the Eastern sector, in November this year. Code named "Cope India" the exercise is expected to follow a pattern similar to that of "Cope Thunder" held between the two nations last year at Alaska.
According to Commander-in-Chief, Eastern Air Command (EAC), Air Marshal FH Major, 'Cope India' would be the "largest" exercise so far and would feature "all the frontline aircraft" of the two Air Forces.
"The joint exercise will feature F16s from the US along with advanced aircraft of the Indian Air Force (IAF)," Major said. The joint exercise would be an "interesting learning curve" and will help the ongoing military cooperation between India and the US, he said.
The Indian Air Force (IAF) is also to provide the Indian army with air support to fight insurgents in the Northeast, subject to the Centre's official nod for such counter-insurgency operations.
The "low intensity operation" against the insurgents would be aided by the IAF with light-armed aircrafts and combat helicopters to help the army "corner insurgents and speed up operations", said the newly appointed Chief of the Eastern Air Command (EAC), Air Marshal FH Major.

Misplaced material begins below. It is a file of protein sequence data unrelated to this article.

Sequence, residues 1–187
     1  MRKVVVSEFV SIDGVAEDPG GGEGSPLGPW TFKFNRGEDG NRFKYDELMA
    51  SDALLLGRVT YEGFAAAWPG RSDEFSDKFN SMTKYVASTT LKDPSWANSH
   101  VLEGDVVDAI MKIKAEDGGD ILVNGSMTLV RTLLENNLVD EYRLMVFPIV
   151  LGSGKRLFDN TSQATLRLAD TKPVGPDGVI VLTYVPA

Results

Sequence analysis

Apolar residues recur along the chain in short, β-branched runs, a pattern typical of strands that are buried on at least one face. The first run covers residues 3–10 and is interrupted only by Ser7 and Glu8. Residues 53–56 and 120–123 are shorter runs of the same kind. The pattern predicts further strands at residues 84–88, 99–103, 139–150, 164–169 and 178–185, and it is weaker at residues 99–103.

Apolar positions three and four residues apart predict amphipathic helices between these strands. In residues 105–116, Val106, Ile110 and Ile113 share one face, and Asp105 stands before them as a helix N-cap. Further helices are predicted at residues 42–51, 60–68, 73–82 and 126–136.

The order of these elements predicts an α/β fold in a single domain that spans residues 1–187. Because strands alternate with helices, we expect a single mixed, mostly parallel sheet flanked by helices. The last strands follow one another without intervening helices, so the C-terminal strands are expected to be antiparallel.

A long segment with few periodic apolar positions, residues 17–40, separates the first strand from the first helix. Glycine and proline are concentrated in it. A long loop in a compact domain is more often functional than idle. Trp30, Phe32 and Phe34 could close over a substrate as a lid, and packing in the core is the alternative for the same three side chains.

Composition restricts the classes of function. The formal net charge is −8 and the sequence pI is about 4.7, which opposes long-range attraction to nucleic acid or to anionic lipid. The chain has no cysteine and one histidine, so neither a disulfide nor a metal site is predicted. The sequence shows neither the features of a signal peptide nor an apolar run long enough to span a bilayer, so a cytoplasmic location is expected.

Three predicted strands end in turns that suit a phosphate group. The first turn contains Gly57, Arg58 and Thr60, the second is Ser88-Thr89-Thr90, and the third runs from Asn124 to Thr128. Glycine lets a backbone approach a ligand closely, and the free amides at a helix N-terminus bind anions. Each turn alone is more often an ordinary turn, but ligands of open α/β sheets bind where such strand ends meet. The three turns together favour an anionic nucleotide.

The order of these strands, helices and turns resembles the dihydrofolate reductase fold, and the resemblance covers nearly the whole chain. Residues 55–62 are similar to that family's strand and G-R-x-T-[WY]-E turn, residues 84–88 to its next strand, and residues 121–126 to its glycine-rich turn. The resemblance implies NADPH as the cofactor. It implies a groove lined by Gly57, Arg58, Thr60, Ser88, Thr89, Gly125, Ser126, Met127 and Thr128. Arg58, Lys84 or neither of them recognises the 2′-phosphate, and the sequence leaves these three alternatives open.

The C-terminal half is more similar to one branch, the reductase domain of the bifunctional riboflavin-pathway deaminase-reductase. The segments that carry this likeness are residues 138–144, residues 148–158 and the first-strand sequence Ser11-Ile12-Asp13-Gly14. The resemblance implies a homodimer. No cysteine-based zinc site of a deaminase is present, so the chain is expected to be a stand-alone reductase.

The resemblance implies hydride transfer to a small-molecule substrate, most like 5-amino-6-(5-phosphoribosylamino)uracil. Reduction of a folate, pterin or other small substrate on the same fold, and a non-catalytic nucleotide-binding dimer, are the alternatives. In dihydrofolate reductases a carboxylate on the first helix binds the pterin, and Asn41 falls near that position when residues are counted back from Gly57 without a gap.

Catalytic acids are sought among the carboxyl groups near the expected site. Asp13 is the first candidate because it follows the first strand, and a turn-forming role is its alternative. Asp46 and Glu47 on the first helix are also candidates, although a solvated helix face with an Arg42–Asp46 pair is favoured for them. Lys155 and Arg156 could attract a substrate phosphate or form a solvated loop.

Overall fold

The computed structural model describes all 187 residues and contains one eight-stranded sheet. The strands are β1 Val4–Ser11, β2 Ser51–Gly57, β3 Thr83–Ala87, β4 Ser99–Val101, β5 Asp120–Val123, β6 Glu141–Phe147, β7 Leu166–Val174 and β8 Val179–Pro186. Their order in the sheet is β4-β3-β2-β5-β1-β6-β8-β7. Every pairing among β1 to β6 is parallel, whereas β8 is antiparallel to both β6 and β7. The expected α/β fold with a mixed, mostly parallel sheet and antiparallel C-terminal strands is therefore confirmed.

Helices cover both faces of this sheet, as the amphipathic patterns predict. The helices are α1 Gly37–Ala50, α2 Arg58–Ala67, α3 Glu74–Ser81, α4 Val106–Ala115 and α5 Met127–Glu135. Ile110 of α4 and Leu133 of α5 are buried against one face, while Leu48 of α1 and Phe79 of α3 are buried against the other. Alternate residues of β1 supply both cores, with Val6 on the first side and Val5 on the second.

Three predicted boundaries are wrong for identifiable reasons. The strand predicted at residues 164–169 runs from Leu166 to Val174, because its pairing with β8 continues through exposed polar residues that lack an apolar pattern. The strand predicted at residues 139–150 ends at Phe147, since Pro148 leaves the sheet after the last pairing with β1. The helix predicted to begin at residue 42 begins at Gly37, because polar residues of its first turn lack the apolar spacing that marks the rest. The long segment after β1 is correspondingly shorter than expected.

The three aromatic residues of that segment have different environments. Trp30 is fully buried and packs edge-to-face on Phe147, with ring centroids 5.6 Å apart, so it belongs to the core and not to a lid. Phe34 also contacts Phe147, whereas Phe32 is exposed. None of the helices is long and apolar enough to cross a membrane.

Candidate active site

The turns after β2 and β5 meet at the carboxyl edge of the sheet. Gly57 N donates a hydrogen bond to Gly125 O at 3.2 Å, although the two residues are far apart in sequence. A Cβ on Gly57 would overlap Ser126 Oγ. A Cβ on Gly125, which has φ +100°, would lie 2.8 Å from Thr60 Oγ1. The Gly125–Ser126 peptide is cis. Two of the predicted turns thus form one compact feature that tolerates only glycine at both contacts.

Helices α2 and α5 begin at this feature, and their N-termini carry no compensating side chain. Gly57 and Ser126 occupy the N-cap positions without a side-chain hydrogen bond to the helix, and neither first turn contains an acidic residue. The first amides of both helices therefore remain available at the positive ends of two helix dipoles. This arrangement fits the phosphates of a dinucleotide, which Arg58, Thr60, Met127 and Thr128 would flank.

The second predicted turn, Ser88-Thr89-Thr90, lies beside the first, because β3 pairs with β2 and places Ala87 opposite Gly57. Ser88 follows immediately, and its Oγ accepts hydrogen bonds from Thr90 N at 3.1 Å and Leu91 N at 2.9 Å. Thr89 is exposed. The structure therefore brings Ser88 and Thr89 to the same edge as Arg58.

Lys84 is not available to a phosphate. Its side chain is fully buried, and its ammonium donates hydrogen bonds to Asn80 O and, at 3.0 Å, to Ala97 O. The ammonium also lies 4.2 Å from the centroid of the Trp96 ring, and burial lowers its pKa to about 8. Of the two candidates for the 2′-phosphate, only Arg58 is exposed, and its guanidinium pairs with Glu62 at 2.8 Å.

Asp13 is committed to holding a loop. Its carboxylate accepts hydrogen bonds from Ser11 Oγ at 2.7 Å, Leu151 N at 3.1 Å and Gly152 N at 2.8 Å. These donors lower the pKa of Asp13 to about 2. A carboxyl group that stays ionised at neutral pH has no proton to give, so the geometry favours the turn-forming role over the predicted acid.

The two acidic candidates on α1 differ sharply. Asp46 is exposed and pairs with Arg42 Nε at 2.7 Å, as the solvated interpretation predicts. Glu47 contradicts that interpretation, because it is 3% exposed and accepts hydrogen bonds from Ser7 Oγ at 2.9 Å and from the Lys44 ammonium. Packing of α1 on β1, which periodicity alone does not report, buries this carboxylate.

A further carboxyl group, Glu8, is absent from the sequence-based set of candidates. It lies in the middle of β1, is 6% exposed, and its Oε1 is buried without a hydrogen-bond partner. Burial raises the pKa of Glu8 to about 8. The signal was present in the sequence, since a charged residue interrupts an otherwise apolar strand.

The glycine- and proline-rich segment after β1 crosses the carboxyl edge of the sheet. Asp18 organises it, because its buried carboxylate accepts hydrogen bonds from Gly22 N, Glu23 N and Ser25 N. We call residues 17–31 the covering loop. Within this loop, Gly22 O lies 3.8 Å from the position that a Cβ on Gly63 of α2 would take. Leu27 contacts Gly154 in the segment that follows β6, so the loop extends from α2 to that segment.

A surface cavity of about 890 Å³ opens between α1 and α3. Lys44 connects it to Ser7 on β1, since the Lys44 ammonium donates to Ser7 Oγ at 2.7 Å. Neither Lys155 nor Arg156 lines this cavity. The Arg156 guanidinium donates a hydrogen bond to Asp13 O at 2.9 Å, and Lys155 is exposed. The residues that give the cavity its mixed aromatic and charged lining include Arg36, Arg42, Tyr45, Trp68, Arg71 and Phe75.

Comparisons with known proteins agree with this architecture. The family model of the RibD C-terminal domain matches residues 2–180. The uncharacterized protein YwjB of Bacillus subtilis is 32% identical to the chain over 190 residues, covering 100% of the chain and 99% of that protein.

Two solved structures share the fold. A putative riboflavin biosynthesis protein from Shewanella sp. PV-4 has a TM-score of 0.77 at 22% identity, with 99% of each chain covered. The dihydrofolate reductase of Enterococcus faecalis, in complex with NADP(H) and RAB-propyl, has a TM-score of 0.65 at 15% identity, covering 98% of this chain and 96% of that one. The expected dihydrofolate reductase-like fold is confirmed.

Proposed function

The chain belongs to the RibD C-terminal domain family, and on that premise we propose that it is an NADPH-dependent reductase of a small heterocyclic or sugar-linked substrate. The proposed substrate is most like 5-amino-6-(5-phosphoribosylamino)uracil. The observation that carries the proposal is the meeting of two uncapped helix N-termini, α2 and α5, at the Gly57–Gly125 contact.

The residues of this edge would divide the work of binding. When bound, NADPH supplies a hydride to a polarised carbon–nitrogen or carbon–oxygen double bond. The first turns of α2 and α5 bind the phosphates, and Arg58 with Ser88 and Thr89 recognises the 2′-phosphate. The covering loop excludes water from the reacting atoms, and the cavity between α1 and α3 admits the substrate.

Major said such operations were "tricky" taking into consideration the fact that insurgents were in the midst of innocent civilian population. The IAF would ensure that "our own people" are not affected by such operations, he said.
On Indo-Myanmar cooperation to flush out militants who had set up base in that country, Major said that the EAC was "cooperating with Myanmar and sharing intelligence" for the benefit of the two Nations.
Given the strategic importance of the command, which looks after a region that shares it border with five countries, the EAC was in the process of procuring modern equipment, he said. Radar capable of detecting low flying aircraft would be deployed in the region, he added.